the beach house will be done, because they know we’re going to build a mini farm next!

So my advice is to change that diaper, make yourself a cup of tea, sit down with a notebook and start
dreaming big. Because anything is possible with God, sister.

Family Portrait
©Katy L. September 2012 @

Life’s a beach

Welcome back from the weekend everyone! Here’s hoping you had a nice one.

Saturday was a very strange day for me. I didn’t want to get out of bed. I know this is every day for most people, but this Saturday was something different. My cell phone fell and the battery came out so I didn’t have any calls coming in. My grandmother came knocking on my door because my dad had been trying to contact me and I could barely speak to her.

After she left, insulted I was so “serious,” I just went and climbed back to bed, broken cell phone be damned. I did take enough time to make sure the kids had food and entertainment. But mostly, I just lay in bed.

It wasn’t nice. Honestly, it was a very dark feeling. I cried more than once and was thinking some pretty crazy stuff. I remember thinking, “This is depression.” I don’t know why it attacked me like that, I really don’t. But it did.

At some point, Baby came to me and he was just having a rough morning too. He climbed into bed and slept for hours with me. A really nice thunderstorm was our lullaby. When I woke up, it was 5:30 in the afternoon. I wasn’t feeling awesome but I wasn’t feeling badly either. I was ok. I got out of bed and started getting around the house fixing things up, teasing the kids, and playing with Mutant Kitty.

I found my phone, pieced it back together, and found a slew of messages. Figures that when you’re feeling depressed and unloved and you turn from the world because you think no one would notice, you get slammed with people reaching out to you. One of them was my Dad who’s the best Dad in the whole wide world. How awesome is he?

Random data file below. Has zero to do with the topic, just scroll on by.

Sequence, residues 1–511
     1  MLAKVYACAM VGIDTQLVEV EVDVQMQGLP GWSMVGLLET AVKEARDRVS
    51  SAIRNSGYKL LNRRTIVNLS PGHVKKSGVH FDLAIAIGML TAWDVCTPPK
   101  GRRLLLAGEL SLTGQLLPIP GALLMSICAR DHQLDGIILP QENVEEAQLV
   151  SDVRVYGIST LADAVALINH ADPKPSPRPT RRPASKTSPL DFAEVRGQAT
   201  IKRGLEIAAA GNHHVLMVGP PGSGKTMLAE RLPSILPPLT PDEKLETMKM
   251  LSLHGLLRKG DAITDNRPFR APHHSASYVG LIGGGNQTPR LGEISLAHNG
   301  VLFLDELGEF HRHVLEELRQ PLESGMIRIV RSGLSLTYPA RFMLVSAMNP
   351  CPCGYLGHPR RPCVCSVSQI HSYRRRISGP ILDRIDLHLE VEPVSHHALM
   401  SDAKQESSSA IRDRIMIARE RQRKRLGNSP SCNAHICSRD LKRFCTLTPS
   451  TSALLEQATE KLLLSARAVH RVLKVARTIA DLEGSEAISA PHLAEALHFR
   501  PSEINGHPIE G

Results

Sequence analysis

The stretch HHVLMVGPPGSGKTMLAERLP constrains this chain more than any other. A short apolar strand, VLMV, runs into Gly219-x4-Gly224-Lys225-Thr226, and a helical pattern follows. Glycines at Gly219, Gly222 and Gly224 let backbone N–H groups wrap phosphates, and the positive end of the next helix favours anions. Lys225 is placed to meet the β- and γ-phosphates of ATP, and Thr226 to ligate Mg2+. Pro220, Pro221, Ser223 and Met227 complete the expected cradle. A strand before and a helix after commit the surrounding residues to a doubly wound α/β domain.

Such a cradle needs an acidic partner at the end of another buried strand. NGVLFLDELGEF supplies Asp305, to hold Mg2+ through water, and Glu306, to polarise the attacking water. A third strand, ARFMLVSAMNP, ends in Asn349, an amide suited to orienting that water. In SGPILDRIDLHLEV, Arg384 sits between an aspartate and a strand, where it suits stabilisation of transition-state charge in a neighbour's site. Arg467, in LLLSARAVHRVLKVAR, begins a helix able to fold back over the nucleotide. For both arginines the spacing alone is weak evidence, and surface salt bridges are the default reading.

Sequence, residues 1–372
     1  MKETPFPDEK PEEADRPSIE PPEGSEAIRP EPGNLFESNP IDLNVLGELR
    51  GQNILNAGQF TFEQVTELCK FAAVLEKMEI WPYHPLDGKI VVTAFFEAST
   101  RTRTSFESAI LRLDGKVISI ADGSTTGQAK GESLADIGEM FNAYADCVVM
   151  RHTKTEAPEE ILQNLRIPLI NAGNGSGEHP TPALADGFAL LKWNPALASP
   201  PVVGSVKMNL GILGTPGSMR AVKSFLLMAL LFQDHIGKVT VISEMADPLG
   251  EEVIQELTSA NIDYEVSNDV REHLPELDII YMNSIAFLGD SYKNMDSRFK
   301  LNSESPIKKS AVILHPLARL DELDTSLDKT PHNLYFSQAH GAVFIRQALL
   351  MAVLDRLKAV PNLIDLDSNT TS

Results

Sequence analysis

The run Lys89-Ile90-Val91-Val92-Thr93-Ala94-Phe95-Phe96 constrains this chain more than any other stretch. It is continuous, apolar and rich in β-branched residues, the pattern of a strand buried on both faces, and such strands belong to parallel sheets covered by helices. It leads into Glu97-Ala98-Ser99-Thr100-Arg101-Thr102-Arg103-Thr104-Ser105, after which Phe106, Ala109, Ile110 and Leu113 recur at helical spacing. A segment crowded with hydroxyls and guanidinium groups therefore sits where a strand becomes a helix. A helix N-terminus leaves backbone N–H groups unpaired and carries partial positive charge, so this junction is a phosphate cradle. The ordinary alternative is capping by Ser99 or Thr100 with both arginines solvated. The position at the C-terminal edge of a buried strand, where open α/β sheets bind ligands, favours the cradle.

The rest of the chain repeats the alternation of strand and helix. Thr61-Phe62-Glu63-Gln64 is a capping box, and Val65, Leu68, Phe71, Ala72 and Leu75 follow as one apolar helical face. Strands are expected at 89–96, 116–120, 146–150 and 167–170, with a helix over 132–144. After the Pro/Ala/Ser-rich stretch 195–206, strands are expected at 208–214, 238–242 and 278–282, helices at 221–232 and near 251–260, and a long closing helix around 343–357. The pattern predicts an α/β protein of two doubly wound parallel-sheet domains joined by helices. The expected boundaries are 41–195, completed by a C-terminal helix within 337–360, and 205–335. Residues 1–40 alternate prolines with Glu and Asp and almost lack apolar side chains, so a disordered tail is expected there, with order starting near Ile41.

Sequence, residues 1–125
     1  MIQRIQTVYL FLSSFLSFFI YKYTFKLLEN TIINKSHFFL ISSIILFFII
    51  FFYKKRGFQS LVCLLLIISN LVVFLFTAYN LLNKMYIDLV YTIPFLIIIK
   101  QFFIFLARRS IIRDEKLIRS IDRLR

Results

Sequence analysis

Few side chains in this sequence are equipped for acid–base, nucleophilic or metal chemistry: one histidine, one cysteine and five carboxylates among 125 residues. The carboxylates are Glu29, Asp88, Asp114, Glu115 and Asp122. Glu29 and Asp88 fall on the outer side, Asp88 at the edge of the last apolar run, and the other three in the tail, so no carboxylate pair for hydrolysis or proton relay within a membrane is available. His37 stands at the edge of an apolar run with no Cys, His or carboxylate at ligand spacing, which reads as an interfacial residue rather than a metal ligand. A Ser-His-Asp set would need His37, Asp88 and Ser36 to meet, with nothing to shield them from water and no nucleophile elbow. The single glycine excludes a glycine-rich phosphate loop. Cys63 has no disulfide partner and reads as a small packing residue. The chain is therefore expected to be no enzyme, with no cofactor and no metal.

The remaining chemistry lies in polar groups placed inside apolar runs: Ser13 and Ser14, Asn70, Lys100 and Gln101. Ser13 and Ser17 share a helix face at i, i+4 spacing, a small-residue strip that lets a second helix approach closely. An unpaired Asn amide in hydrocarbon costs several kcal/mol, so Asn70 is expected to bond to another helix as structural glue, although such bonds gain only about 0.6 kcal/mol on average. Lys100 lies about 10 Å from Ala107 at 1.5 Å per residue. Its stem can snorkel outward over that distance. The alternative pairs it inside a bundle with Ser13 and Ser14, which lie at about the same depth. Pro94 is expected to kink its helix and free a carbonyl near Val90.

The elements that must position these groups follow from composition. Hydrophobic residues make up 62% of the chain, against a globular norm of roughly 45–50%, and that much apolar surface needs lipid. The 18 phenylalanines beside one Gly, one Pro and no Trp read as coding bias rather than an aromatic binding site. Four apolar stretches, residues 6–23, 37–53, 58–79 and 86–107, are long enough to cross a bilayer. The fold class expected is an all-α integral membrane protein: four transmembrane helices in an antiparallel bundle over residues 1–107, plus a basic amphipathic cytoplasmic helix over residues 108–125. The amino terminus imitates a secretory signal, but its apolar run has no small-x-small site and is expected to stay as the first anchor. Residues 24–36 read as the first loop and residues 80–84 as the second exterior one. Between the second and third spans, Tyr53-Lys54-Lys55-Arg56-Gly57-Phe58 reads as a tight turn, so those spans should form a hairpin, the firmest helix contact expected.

On Friday, he watched my kids for me so that I could go to the Parent’s Orientation at the school. My mom is a teacher there so she had to be there as well. When I came home, my Dad emptied out the dishwasher, reloaded it and set it running, and cleaned the kids’ bathroom. All three kids were happy and fed. And then on Saturday, he came after I emerged from my coma and took all three kids to his house to enjoy the pool for a little while.

As completely shocked as I was by what happened on Saturday, I can’t help but wonder if in some way, I just needed it. I slept horribly the night before and Baby ran in and woke up the whole world at 8:30 AM. I don’t know, I just couldn’t do it. When I woke up, it was just a matter of time before I was quickly back to normal and Saturday was nothing but a strange memory that almost seemed like a too-vivid dream and not actual reality.

I did some straightening up and cleaning. I did some reading and finished the Poisonwood Bible. I listened to some music and danced while I worked around the house. I was me again. For the record, this was a No-Spend day but this is not the way I like getting them thank you very much.

The next day, I made the kids chocolate chip banana pancakes and made a double batch so I could freeze some for breakfast this week. My parents came and picked up Eldest to accompany them to Church. This will become pretty standard this year. Eldest has his First Communion this year and from this point on, attendance at Church takes on a role of relative significance at the school and also socially.

But, I’m not into it. My parents are. So we think it’ll be good if he goes with them. We explained to the little ones they can go when they get to Second Grade too. And we’ll manage it that way. Unless of course I find God or something and start going to church every Sunday…

I read the newspaper, especially this article on taking back your weekends at my mom’s urging. I picked 24 more avocados from my tree including one giant one that is just gorgeous. I did some more laundry and more straightening up. I made a friendship bracelet with Daughter. I put everyone down for a nap and even I settled for a cat nap. After, I woke everyone up and we went to the beach for a couple of hours. We were so excited until we got to the beach and found these everywhere.

BAD Jellies!!!